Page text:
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Aug 11, 2008 01:01 PM

How long does chevre stay fresh (once opened) in your experience?

So I am the only person in my house who likes fresh goat cheese, and as much as I like it I rarely make it through a packet before it goes bad. (I buy way too much food so there are always too many things competing with the chevre for my attention.)

I never seem to notice exactly when it goes off though. Does anyone have a sense of how long one can reasonably expect it to stay yummy-tasting after it's been opened? And is there any special storage method that might preserve its life a bit? I usually just keep it in the opened plastic packet, inside a ziploc bag, in the cheese drawer of the fridge.

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  1. I have the same problem and would also like to know the answer. However, the last couple of logs I bought I did something I read about on Home Cooking: I sliced some of it up, rolled in lots of chopped fresh herbs, an egg bath and then panko and froze in a tupperware. Drizzle 2 or 3 with olive oil and heat in a 450 oven for about 5 minutes a side and you have lovely crispy melty rounds to put on a salad, fried tomatoes, or braised summer vegggies. Now that I discovered this I don't plan on throwing any more chevre away!

    3 Replies
    1. re: GretchenS

      Yes, I can attest to the fact the freezing chevre does work!

      1. re: jeni1002

        And I'll bet frozen chevre crumbles nicely too! ...And then thaws quickly.

    2. it's a weird question because it depends on how fresh the "fresh goat cheese" is to begin with, and how it is packaged. i don't think there is a real catch-all answer, but 'use "fresh goat cheese" asap' is always prudent, and the freezing recs are good, if you want to prevent waste. ime, if the fresh goat cheese gets dark green or black spots/fuzzies, these can be scraped off, & the cheese can be heated and used, or made into a creamy salad dressing, as a non-ideal save-- but if you get the pink tinge/ runniness, and the sweet smell, then it's spoiled, same as any cow or non-cow milk product--sorry.

      when you do store it, either wrap it in plastic or foil with no air. if you store in a ziplock, try to suck the air out before sealing to prevent spoilage.

      1. I leave my chevre more open to the air than my other cheeses, because it crumbles better when it is dryer. I've had opened packages of chevre in the cheese drawer for several months with no molding or spoilage from yeasts (when dairy products turn pink and oozy). It is noticibly sharper than when it is young, however. You might also look at what the other cheeses in your drawer are doing to influence the chevre in terms of spoilage. A good chevre (Montchevre, or Chevrine for example) should last several months in the refrigerator after opening providing that your fridge maintains proper temperatures.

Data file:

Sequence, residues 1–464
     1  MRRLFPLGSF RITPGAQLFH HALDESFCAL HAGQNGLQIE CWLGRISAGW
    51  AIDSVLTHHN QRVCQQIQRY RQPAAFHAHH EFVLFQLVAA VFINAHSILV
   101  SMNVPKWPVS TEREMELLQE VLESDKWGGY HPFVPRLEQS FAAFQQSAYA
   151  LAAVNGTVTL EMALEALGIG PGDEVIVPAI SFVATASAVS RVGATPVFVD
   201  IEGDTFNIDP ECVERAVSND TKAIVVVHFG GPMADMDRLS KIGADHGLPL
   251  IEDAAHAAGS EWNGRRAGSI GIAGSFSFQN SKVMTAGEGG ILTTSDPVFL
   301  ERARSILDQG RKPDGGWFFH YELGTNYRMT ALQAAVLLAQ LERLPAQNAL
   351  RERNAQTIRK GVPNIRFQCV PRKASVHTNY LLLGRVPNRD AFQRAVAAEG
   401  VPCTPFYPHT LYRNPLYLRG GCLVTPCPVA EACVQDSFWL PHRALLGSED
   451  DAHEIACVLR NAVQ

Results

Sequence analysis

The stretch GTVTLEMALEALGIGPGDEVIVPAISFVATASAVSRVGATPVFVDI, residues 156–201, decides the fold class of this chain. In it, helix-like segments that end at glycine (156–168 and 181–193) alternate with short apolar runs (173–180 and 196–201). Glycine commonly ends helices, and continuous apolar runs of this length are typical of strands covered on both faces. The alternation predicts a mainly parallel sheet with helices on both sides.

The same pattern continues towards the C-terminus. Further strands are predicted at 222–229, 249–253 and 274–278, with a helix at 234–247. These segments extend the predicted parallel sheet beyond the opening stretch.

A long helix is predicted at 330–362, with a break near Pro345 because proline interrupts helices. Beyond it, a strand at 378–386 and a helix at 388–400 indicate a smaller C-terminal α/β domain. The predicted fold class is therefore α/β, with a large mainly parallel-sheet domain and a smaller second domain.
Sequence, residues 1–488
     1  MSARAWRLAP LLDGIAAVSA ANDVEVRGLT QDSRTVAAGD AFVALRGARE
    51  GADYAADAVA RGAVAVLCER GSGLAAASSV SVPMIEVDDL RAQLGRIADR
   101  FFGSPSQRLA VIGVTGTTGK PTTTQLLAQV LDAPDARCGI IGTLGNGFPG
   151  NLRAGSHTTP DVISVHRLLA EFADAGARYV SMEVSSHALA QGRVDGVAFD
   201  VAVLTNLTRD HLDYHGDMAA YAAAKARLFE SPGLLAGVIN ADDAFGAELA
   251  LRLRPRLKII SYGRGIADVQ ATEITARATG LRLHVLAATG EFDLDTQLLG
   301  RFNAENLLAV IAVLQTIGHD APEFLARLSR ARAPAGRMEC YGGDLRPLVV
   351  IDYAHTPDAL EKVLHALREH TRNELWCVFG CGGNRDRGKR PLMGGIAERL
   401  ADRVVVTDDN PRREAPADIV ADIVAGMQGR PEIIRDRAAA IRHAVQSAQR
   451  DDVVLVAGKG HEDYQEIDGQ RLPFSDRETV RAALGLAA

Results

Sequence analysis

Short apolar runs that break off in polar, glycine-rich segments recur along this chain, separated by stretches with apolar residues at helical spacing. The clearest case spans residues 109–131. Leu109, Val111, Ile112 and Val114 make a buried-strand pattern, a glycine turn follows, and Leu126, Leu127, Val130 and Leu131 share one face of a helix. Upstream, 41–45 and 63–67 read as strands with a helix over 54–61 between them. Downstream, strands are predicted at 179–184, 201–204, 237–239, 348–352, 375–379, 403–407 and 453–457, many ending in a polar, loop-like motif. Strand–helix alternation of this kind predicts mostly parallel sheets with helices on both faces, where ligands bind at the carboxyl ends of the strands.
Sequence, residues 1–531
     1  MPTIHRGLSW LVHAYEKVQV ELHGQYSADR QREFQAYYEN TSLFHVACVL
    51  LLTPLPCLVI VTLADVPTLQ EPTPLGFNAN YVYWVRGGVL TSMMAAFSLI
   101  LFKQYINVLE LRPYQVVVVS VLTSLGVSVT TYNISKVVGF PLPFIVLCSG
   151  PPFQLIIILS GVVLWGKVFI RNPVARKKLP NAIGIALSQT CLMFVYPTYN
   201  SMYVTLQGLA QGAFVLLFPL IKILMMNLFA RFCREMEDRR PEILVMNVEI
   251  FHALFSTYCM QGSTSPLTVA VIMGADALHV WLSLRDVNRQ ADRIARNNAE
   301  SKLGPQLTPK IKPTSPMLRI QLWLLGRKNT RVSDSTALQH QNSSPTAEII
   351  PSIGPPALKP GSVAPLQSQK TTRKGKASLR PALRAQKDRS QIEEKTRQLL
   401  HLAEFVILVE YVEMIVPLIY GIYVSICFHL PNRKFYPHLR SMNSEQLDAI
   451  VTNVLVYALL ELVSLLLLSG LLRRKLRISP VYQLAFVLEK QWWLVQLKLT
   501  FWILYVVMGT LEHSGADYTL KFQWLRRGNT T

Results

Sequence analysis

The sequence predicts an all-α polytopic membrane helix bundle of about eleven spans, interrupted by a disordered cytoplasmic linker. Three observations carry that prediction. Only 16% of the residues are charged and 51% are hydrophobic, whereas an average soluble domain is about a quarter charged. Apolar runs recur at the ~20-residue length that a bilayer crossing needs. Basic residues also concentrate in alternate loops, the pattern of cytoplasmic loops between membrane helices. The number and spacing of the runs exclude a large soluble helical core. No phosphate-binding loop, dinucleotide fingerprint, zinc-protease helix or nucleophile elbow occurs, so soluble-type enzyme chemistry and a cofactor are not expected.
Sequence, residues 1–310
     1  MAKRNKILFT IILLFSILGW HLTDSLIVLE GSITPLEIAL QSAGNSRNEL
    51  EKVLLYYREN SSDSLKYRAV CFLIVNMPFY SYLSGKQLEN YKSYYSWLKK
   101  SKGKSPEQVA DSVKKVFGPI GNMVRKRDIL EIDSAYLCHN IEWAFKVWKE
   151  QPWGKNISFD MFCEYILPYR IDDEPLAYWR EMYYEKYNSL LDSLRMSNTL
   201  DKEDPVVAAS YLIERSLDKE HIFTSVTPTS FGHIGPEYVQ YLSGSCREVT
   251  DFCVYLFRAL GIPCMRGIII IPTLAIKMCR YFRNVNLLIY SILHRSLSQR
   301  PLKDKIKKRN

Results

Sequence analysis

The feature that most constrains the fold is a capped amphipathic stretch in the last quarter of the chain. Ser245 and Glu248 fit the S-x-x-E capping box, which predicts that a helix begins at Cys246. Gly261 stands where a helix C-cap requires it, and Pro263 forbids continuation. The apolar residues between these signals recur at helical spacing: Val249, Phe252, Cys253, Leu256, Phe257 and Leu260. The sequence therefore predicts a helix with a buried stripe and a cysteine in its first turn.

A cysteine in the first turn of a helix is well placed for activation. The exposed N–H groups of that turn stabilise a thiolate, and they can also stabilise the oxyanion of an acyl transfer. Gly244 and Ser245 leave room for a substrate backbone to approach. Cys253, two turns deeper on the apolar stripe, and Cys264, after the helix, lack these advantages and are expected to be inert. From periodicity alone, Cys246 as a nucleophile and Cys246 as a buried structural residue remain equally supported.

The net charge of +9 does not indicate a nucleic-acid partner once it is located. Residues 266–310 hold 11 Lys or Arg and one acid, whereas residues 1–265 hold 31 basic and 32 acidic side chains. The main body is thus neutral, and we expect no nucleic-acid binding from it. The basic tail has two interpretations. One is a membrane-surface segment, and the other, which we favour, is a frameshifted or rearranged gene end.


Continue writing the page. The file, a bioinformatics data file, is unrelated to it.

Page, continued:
2 Replies
        1. re: ElleD

          if your chevre crumbles, it isn't fresh, it's been aged. fresh, smooth, spreadable chevre is far more perishable, and, barring preservatives, lasts only a few weeks.

          1. re: soupkitten

            Well, it's probably fresh when I buy it . . . but I really love to put it on a salad of baby greens with toasted walnuts and an herbed raspberry balsamic vinaigrette, yum! Hence the letting it dry out/age so I can conveniently crumble it. As for perishability, according to chevre mfrs, the shelf life can range from 7 days to 12 months depending on how it's pkgd. What I buy is in cryovac pkgs, and is smooth and creamy at room temp, though slightly crumbly at refr. temps.

        2. Great question and answers as I have had the same problem. On the same line, I am the only one who likes blue cheese and have some Trader Joe's crumbled blue cheese in the plastic container. Since it already looks moldy, how do I tell if it is still good? How long do you think it would last? I am now thinking that in the future, freezing the blue cheese would probably work also!

          1 Reply
          1. re: jodymaryk

            I work for a food production facility that goes through roughly a ton of blue cheese a month, and we store it in the freezer, so I can testify that freezing it does work! For personal use, I think it's up to you to determine how "aged" you want your blue cheese. I don't think there are any health issues with eating a blue that has bloomed, it just becomes sharper. We don't use the blues that have bloomed because they will cause quicker moulding in the products we make, but if it was just me at home I would use it.

          2. I try to use it withiin a week from opening it.